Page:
• It's All About Me: Amy has no regards for anybody other than herself. She reacts with outrage when people begin to feel pity for Andie, because Amy hates her, therefore everyone should.
  • Karma Houdini:
    • After framing her husband for murder and covertly waging a campaign to ruin his life, then murdering her lover and framing him for rape and kidnapping, Amy gets off completely; Nick was planning on exposing her, but decides against it after learning she's pregnant with their child.
    • Greta and Jeff get away with stealing Amy's money. They are never found, let alone prosecuted.
  • Knight in Shining Armor: Amy at one point says Desi thinks of himself as this. This is why she calls him after she was robbed, so he can come running to the rescue and take her away to his castle. It turns out, he's more like a dragon with a lair.
  • The Lad-ette: Margo, the tough, beer-drinking bartender, is generally devoid of traditionally feminine attributes. The famous "Cool Girl" passage deconstructs this trope as often a male fantasy created to justify callous treatment of women.
  • Laser-Guided Karma: Yes, Amy did get away scot free, but for the thirty days of her plan she had gone down the shitter. She gets beaten up by common thugs, have her money stolen, and was forced to live in an old friend's house, only to find that he's potentially crazier than her. The only reason she got away scot free was because she's forced to turn her situation around.
  • Making Love in All the Wrong Places: Amy and Nick are having sex at the local library.
  • Manic Pixie Dream Girl: Amy was this at the start of her and Nick's relationship. We discover that Amy was trying out being the "Cool Girl", which she regards as a vapid male fantasy that she holds in bitter contempt. The "Cool Girl" speech is an angry takedown of this trope; a "The Reason You Suck" Speech about women changing themselves to fit the ideal of the "Cool Girl" who tries to be "one of the guys" and adopts her boyfriend or husband's interests in order to please him. This speech became iconic immediately, and it has been critiqued and debated by feminists as either a really good speech or a really horrible one. The speech is also somewhat ironic, as she condemns women who appear to be happy while remembering her earlier time with Nick differently than it appears on-screen. This is justified with Amy being a sociopath.
  • Manipulative Bitch: Amy, and how! First she faked her death and framing her husband for her murder because she'd fallen out of love with him. Then she murdered her lover, went back to her ex-husband and framed her murdered lover as a rapist. The worst part is she gets off scot-free at the end.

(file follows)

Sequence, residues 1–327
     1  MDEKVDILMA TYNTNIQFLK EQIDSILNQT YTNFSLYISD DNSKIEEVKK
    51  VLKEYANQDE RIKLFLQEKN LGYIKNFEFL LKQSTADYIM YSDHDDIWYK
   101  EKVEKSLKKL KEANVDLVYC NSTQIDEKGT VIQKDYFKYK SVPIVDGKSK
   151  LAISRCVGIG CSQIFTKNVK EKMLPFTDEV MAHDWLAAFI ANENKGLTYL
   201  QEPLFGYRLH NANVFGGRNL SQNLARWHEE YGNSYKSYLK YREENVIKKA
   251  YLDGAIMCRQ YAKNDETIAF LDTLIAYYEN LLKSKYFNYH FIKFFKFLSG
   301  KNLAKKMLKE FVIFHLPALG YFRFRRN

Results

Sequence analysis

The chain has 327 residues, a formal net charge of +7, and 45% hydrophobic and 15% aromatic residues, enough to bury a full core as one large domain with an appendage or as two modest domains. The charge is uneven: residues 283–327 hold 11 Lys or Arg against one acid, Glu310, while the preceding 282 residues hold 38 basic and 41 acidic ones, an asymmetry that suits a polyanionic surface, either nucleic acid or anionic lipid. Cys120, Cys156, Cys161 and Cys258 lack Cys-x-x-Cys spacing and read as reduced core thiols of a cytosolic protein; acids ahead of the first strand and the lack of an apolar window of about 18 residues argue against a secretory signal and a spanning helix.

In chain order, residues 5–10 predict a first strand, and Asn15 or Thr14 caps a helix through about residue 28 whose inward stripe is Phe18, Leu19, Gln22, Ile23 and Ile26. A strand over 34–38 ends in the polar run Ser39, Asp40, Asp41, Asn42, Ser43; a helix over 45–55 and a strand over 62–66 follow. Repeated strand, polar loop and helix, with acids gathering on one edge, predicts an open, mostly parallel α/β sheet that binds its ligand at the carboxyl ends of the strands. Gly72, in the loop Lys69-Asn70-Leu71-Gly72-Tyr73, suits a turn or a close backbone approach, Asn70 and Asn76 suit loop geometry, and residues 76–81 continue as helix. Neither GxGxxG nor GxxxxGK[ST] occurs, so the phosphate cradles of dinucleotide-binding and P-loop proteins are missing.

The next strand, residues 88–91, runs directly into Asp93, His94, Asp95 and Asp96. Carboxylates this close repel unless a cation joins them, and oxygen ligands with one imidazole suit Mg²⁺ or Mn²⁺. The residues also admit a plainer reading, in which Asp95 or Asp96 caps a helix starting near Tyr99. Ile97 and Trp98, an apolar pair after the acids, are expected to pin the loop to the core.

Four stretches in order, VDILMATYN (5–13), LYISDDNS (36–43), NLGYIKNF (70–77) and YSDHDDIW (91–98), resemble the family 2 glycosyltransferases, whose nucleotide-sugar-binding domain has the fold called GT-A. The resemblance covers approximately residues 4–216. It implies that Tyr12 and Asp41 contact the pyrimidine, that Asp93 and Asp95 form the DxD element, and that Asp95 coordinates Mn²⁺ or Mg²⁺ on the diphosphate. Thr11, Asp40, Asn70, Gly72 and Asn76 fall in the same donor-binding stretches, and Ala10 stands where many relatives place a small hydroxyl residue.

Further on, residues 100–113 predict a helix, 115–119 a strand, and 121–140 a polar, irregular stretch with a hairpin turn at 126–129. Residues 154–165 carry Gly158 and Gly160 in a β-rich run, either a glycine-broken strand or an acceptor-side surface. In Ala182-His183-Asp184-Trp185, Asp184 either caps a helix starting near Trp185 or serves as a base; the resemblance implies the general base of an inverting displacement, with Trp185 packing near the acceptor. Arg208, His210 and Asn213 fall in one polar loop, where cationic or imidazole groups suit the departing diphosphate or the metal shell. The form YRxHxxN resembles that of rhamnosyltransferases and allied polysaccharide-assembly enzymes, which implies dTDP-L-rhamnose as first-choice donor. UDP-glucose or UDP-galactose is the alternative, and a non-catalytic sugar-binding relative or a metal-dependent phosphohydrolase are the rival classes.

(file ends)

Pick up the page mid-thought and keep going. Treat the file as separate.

• Meet Cute: In both the book and the movie, Amy's diary tells a cutesy story about how the two met at a party and shared witty banter. It's all just a bit much, and the dialogue in these flashbacks can seem more than a little contrived. Amy even lampshades it in the movie, telling Nick "We're so cute I want to punch us in the face." As it turns out, there's a very good reason the stories sound contrived and over-the-top cutesy.
  • Missing White Woman Syndrome: Invoked. The media assumes, and we are led to believe, that Nick killed Amy. Then we learn that Amy, being the real manipulative psychopath, knew the trope so well that she exploited everyone's expectations about her case to frame Nick.
  • Momma's Boy: With an abusive Dad like his, it's no surprise Nick preferred his mother.
  • Moral Myopia: Amy never seems to pick up on the fact that, at the novel's end, her treatment of Nick is rather reminiscent of how Desi was treating her when she was his "guest".
  • The Movie Buff: Nick is a former movie and TV critic, refers to himself as a "film geek," and bonds with another guy over The Godfather.
  • No Celebrities Were Harmed:
    • As a former prosecutor, "victim's rights" advocate and generally anti-defendant commentator with a religious-sounding surname, Ellen Abbott has clear echoes of Nancy Grace. In the film, she's even played by Missi Pyle, who had already played another Expy of Nancy Grace on The Mentalist.
    • Nick's defense lawyer Tanner Bolt (in the film version) is an unmistakable parody of Johnnie Cochran, right down to his trademark glasses and fast-talking demeanor.
  • Oh Crap!: When Nick opens the shed.
    Back to the far back of the yard, on the edge of the treeline, there was the shed.
    I opened the door.
    Nonononono.
  • Only Bad Guys Call Their Lawyers: First defied, then played straight. Nick holds off on hiring a lawyer because he's worried that it'll look bad for him; he turns out to be right. Then he winds up hiring a lawyer known for defending extremely guilty dirtbags.
  • Out with a Bang: Desi has his throat slashed by Amy after he ejaculates inside of her.
  • Papa Wolf: Exploited - when Amy reveals she's pregnant with Nick's child, Nick notes he would do anything for his unborn son, and that includes staying married to Amy so he can protect him from her.
  • Pet the Dog: On Amy's "to do" list she sets up to frame Nick, she takes the time to say a final goodbye to Bleecker, their cat.
  • Purely Aesthetic Glasses: Amy wears them as part of her disguise, however she can't fool Greta with it.
  • Rage Breaking Point: Nick reaches his after Amy's return and subsequent "The Reason You Suck" Speech, almost strangling her to death. He stops himself.
  • "The Reason You Suck" Speech: Amy gives one to Nick after she returns and he threatens her with a divorce.
    • Rather unexpectedly, Andie gives one to Nick when he dumps her.
  • The Reveal: Amy faked her abduction, disguised herself, and framed her husband for murder, abuse, and financial exploitation in order to get revenge against him for cheating on her.